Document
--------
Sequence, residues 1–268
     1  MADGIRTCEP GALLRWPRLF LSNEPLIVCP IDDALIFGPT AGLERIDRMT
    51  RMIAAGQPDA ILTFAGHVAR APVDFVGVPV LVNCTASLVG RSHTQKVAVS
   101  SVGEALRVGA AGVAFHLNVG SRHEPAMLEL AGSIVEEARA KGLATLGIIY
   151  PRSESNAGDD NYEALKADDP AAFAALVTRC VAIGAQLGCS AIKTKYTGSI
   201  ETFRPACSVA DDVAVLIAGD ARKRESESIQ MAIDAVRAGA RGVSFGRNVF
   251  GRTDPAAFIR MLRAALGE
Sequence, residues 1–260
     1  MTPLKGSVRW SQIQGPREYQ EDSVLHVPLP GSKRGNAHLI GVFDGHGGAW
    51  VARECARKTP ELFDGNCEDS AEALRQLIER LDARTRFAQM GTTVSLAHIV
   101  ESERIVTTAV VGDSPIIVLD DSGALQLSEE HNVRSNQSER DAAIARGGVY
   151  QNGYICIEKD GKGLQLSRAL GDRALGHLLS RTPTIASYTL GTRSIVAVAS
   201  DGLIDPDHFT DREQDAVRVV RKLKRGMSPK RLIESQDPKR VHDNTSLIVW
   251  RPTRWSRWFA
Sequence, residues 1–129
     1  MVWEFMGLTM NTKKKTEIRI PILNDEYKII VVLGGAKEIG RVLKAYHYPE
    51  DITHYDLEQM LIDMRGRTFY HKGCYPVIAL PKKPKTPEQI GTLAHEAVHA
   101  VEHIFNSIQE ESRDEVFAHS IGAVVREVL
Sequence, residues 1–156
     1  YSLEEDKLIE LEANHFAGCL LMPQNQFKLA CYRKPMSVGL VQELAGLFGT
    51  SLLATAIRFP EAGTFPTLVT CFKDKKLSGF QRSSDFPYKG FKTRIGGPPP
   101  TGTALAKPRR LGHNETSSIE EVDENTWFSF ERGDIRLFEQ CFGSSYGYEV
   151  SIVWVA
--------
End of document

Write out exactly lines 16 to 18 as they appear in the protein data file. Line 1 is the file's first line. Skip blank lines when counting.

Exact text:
     1  MVWEFMGLTM NTKKKTEIRI PILNDEYKII VVLGGAKEIG RVLKAYHYPE
    51  DITHYDLEQM LIDMRGRTFY HKGCYPVIAL PKKPKTPEQI GTLAHEAVHA
   101  VEHIFNSIQE ESRDEVFAHS IGAVVREVL